Over 150 children have died since June 14, due to acute encephalitis syndrome (AES), at Shri Krishna Medical College Hospital, Muzaffarpur in Bihar.
The deaths evoked anguish and widespread condemnation that sounded neither sincere nor unfamiliar. The MPs spoke predictably in the Parliament.
Doctors were blamed for failing to provide timely and proper treatment and public health centres (PHCs) and government hospitals were reprimanded for inadequate facilities.
Chief Minister Nitish Kumar came under fire, not always fairly, for letting health infrastructure in his state crumble.
But no individual has a magic wand to set a system right that involves massive investments, committed doctors, enlightened and fewer patients, honest officials and selfless political leadership.
The Supreme Court can keep screaming that Indians have a basic right to medical care, nutrition and hygienic environment under Article 21 of the Constitution, but the truth is, medical facilities and quality of care can improve only marginally in PHCs and that too in spurts.
How else can you explain why kids of Muzaffarpur and its adjoining areas have been dying for decades?
Actually, state governments have neither the will to make best use of their available resources nor have money to draw the best talents to the hospitals, increase number of doctors and support staff or flush the hospitals with medicines, equipment and beds.
Yet, PHCs and government hospitals cannot be dispensed with. Private doctors who have insatiable greed for money are beyond the reach of poor patients and so are the private hospitals that run as business enterprises.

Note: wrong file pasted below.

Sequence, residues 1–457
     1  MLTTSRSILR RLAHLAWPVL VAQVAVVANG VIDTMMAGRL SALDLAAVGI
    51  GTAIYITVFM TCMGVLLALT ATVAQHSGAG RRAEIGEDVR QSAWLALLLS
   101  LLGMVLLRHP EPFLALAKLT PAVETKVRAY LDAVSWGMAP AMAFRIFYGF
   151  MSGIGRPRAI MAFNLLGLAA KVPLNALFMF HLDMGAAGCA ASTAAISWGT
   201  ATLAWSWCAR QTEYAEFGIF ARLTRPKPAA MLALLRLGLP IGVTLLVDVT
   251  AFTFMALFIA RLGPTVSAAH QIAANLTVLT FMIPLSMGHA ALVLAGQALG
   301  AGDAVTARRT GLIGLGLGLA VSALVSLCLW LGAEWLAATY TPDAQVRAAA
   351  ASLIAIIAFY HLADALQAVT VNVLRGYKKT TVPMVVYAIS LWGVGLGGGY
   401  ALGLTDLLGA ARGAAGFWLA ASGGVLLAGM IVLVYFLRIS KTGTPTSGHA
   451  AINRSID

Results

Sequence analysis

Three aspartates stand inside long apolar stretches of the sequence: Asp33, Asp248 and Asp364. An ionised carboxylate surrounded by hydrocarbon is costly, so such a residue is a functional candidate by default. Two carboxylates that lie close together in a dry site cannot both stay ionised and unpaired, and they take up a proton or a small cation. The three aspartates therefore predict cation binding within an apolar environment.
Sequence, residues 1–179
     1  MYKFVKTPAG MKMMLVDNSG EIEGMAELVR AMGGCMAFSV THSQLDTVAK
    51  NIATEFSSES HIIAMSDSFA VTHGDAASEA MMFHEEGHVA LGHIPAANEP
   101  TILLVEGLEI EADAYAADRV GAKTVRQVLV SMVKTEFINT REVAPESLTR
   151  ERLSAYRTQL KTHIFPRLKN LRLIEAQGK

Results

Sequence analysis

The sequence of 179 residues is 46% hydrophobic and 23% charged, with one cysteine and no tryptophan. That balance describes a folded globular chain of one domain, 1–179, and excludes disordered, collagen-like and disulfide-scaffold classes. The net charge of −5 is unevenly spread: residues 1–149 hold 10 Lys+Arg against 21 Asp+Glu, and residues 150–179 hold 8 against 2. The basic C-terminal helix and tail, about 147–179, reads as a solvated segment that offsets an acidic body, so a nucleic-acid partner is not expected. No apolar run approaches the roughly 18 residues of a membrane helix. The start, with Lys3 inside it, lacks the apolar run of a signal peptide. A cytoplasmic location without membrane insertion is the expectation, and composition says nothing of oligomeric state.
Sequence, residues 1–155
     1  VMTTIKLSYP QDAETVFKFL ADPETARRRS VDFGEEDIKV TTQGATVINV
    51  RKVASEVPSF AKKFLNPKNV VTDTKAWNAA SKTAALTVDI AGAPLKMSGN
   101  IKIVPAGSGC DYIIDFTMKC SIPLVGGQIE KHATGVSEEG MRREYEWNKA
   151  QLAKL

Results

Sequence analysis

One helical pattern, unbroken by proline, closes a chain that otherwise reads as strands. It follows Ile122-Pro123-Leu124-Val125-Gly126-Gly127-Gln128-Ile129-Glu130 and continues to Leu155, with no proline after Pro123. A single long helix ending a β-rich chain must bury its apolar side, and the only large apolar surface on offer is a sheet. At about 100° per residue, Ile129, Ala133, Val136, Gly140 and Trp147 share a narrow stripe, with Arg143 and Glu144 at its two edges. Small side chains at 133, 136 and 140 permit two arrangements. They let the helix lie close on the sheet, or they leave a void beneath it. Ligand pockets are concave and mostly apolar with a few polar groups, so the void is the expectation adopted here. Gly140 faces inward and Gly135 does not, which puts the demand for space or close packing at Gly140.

If NDA II can ensure 100 percent immunisation against AES and treat diseases that tend to quickly take an epidemic form as a national calamity, it will add sheen to its credibility as a government with social conscience.
Patients in Kolkata had an encounter of a different kind. An intern attending to a septuagenarian patient at NRS Medical College Hospital was assaulted by the diseased’s relatives on June 11.
The incident triggered a paralysis of healthcare services in West Bengal, with doctors submitting mass resignation and demanding protection.
Doctors across India joined the fray and refused to see patients to express solidarity with their striking brethren.
Good sense prevailed and the agitation was called off within seven days, after policemen were deployed in hospitals in Kolkata. The Union health minister also promised safety to doctors.
This incident raises several concerns.
Why do grieving relatives get violent and why only a few doctors suffer the wrath? Something is seriously amiss in their conduct, competence and communication skill with patients and relatives.
Are they justified in getting provoked and refusing to treat patients who are critically ill and come from far-off places? Should doctors in AIIMS have behaved like labour union leaders and street protesters?
Does their noble profession allow them to resort to brinkmanship? And finally, why do they need protection from patients who look on them as saviours of their lives? email@example.com